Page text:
A hard drive containing more than 1 terabyte of sensitive data from the Clinton administration, including the personal information of White House staff and visitors, is missing from the US National Archives.
Yahoo! is offering developers a free online service that gives webpages a certain sense of place.
Microsoft snuggled a little closer to its US movies-on-demand buddy Netflix on Wednesday by rolling the firm's streaming content into Windows Media Center.
The global positioning system (GPS) operated by the US government could fail as early as next year.
VMware has shipped its next-generation virtualization hypervisor and management tools collection, vSphere 4, ahead of schedule.
Global smartphone sales grew by 12.7 per cent during the first quarter this year, but at the expense of a 9.4 per cent dip in sales of less advanced handsets, market watcher Gartner has concluded.
A certification scheme that threatened to ban many software and hardware products from China has been curtailed. The scheme, which holds IT vendors to controversial national standards, will be limited to public procurement only, a government agency has said.
ReviewFancy an affordable wireless iPod system that can grow to suit your needs or just looking for a way to avoid hardwiring speakers in the your home? Certainly, wireless sound systems take some beating in terms of convenience but, typically, at a cost. Addressing both portability and price, the new IntelliTouch Eos offers multizone audio may prove to be a sound investment.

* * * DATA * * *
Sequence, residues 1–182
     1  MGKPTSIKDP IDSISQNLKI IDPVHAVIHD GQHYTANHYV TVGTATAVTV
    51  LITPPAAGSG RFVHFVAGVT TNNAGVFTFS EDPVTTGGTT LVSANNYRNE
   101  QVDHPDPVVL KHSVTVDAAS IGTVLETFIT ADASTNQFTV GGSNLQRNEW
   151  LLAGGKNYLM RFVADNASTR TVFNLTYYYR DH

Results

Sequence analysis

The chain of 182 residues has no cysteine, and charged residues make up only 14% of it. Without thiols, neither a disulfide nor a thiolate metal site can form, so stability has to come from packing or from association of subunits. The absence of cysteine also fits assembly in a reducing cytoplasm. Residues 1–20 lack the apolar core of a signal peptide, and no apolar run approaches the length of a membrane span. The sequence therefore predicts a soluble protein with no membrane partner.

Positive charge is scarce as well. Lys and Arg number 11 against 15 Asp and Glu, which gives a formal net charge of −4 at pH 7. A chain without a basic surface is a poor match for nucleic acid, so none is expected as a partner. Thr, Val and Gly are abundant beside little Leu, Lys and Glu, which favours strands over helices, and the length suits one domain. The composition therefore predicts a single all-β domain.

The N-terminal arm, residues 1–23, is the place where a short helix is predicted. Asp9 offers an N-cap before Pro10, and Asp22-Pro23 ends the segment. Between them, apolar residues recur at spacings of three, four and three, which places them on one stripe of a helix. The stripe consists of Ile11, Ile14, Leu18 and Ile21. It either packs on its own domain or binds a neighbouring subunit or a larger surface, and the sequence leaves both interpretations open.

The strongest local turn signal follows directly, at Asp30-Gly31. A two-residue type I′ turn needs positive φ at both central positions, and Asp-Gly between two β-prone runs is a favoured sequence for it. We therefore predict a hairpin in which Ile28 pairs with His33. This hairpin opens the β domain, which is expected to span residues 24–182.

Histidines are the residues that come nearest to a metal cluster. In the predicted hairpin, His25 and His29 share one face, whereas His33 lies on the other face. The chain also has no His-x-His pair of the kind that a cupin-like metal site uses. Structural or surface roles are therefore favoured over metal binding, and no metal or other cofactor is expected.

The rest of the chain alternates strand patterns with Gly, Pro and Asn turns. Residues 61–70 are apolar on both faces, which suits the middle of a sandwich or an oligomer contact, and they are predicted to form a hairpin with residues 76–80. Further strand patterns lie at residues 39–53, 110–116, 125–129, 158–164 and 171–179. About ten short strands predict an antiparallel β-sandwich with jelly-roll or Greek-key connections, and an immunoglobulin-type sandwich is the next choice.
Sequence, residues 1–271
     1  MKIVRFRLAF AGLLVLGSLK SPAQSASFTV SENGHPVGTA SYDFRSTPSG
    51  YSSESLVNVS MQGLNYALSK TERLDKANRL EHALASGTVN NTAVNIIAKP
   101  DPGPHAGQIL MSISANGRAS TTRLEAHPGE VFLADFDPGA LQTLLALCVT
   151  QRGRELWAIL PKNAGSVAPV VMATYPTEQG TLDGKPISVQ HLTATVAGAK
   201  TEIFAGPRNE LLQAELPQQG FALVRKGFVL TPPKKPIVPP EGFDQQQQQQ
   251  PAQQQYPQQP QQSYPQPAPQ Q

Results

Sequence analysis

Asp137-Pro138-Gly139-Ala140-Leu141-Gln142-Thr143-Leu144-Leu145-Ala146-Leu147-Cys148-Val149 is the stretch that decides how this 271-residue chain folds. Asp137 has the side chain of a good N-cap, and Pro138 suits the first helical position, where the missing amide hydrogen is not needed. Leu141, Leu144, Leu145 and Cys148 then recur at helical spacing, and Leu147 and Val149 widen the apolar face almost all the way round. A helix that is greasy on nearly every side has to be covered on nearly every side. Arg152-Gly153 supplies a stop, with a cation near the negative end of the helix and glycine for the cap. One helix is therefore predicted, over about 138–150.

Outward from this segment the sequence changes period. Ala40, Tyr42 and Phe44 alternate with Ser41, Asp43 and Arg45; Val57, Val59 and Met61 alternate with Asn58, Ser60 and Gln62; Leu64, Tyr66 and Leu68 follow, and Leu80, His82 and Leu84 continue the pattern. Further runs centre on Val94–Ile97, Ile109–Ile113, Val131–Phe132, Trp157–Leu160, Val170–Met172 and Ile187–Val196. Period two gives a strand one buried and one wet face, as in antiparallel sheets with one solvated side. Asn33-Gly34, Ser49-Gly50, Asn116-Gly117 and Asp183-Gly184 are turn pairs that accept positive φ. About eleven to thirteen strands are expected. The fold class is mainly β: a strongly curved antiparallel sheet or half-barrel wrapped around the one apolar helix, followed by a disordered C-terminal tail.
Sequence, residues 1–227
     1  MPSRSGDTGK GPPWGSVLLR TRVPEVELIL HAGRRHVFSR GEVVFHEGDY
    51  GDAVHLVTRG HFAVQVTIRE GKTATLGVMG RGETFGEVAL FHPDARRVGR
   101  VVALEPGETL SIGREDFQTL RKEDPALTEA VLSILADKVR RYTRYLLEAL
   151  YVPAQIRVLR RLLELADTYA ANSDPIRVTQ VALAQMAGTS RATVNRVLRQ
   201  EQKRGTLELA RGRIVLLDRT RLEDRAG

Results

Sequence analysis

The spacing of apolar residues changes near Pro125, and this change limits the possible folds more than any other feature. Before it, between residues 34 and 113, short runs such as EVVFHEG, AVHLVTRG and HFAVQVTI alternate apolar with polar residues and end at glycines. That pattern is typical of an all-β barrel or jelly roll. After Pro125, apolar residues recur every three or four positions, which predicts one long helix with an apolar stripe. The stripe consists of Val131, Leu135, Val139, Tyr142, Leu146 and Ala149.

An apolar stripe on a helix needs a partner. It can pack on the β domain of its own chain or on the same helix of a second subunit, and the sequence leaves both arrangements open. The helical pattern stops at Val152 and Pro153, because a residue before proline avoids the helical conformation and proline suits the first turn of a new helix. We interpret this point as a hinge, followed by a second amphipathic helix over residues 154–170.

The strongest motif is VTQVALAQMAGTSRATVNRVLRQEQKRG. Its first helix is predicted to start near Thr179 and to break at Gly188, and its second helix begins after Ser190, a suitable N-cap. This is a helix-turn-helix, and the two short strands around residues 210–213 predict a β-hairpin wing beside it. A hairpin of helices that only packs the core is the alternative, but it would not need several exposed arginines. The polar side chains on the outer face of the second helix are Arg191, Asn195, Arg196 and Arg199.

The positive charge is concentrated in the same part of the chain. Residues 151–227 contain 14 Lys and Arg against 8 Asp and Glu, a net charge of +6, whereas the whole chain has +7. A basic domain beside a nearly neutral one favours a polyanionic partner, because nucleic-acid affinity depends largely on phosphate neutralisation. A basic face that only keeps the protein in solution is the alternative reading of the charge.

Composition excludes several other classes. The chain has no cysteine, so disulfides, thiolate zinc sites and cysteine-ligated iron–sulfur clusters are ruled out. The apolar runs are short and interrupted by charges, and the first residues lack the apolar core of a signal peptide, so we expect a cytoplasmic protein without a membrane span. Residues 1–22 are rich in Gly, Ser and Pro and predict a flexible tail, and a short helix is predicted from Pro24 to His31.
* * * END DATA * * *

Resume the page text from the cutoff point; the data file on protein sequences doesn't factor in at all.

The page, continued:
Google has hit out at old school system integrators and described them as “dinosaurs” who are out of touch with growing customer demands for more cloud-based products.
RealNetworks is filing an anti-trust action against the major US studios. It says it has a license to use CSS decryption which it obtained legally, and therefore its RealDVD copying software is not only legal, but attempts by the studios to block it amount to anti-trust. It will be interesting to see if a court agrees.
Microsoft has been ordered to pay at least $200m to i4i, a Canadian software firm for infringing patents in the way that Microsoft Word handles documents.
New Zealand police have asked Interpol to help them apprehend a couple who did a bunk with an unspecified percentage of a NZ$10m (£3.9m) bank error.